I suspect that one of the most durable outcomes of the Code for America project will be this kind of projection or radiation of civic empowerment through – and beyond – the efforts of the CfA fellows and their collaboration partners. In The Wealth of Networks, Yochai Benkler writes about how “[t]he practice of producing culture makes us all more sophisticated readers, viewers, and listeners, as well as more engaged makers”. In Program or Be Programmed, Doug Rushkoff warns against “relinquishing our nascent collective agency” to computers and the people who program them by engaging in “a renaissance of human capacity” by becoming programmers ourselves.
While many – or even most – of the specific applications we designed and developed during the Data Camp Seattle civic hackathon may not gain widespread traction and use, if the experience helps more of us shift our thinking – and doing – toward becoming co-creators of civic applications – and civic engagement – then the Code for America project will have succeeded in achieving some grand goals indeed.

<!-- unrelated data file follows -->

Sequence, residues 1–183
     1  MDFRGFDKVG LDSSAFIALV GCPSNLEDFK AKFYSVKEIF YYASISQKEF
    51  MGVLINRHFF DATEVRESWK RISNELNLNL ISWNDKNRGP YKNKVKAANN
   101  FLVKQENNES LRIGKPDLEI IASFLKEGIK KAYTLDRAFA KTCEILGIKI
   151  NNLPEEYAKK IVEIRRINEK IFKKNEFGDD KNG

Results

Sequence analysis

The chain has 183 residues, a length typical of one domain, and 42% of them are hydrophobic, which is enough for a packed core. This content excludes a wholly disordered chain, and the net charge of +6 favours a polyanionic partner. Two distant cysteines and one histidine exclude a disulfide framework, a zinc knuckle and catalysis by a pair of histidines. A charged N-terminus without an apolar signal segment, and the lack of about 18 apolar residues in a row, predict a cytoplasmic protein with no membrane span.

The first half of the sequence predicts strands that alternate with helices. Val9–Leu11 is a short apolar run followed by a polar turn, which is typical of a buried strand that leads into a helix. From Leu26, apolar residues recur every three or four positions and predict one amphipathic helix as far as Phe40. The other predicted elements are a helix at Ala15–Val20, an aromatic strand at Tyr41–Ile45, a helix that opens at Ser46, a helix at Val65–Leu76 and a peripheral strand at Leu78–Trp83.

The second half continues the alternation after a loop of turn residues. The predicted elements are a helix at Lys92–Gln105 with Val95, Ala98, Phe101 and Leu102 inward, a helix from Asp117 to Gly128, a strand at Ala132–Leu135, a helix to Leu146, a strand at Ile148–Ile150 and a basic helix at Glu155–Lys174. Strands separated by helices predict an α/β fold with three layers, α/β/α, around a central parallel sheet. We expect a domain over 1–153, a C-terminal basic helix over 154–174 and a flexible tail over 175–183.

This example of directed action at an unconference has fast become the next step in the evolution of camps, where a diverse set of volunteers come together to donate more than money or blood: they exchange information and then apply their skills to creating solutions to the needs defined by a given set of societal challenges.
This model of directed civic involvement has became a global phenomenon in wake of the crisiscamps that sprung up after the earthquake in Haiti last year. The cultural DNA of these camps has evolved into CrisisCommons, which has acted as platform for volunteers to donate their skills to help in natural disasters and other crises.